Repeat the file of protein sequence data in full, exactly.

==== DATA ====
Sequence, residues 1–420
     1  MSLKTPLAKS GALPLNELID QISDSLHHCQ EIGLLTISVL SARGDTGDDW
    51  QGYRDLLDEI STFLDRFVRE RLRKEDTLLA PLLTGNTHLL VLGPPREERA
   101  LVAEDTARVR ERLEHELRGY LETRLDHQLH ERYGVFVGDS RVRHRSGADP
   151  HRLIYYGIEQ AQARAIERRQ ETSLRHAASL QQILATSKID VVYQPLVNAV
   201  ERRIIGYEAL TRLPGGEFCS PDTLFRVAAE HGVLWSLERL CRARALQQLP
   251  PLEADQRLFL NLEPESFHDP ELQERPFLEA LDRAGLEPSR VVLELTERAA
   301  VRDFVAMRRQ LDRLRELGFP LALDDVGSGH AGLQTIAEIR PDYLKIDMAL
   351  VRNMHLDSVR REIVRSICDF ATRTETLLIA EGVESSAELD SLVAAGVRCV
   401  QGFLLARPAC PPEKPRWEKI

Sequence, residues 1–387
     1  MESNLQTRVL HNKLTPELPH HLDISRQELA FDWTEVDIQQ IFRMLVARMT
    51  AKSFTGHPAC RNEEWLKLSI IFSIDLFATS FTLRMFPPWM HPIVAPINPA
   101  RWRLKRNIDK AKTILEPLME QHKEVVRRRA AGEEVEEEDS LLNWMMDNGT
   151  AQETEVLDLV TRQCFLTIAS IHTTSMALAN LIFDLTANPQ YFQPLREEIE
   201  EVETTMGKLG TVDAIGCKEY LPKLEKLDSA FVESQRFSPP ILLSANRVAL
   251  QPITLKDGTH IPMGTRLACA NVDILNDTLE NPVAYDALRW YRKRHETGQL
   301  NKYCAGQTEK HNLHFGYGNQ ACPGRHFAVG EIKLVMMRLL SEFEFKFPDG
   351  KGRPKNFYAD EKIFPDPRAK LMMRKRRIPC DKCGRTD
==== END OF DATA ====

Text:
Sequence, residues 1–420
     1  MSLKTPLAKS GALPLNELID QISDSLHHCQ EIGLLTISVL SARGDTGDDW
    51  QGYRDLLDEI STFLDRFVRE RLRKEDTLLA PLLTGNTHLL VLGPPREERA
   101  LVAEDTARVR ERLEHELRGY LETRLDHQLH ERYGVFVGDS RVRHRSGADP
   151  HRLIYYGIEQ AQARAIERRQ ETSLRHAASL QQILATSKID VVYQPLVNAV
   201  ERRIIGYEAL TRLPGGEFCS PDTLFRVAAE HGVLWSLERL CRARALQQLP
   251  PLEADQRLFL NLEPESFHDP ELQERPFLEA LDRAGLEPSR VVLELTERAA
   301  VRDFVAMRRQ LDRLRELGFP LALDDVGSGH AGLQTIAEIR PDYLKIDMAL
   351  VRNMHLDSVR REIVRSICDF ATRTETLLIA EGVESSAELD SLVAAGVRCV
   401  QGFLLARPAC PPEKPRWEKI

Sequence, residues 1–387
     1  MESNLQTRVL HNKLTPELPH HLDISRQELA FDWTEVDIQQ IFRMLVARMT
    51  AKSFTGHPAC RNEEWLKLSI IFSIDLFATS FTLRMFPPWM HPIVAPINPA
   101  RWRLKRNIDK AKTILEPLME QHKEVVRRRA AGEEVEEEDS LLNWMMDNGT
   151  AQETEVLDLV TRQCFLTIAS IHTTSMALAN LIFDLTANPQ YFQPLREEIE
   201  EVETTMGKLG TVDAIGCKEY LPKLEKLDSA FVESQRFSPP ILLSANRVAL
   251  QPITLKDGTH IPMGTRLACA NVDILNDTLE NPVAYDALRW YRKRHETGQL
   301  NKYCAGQTEK HNLHFGYGNQ ACPGRHFAVG EIKLVMMRLL SEFEFKFPDG
   351  KGRPKNFYAD EKIFPDPRAK LMMRKRRIPC DKCGRTD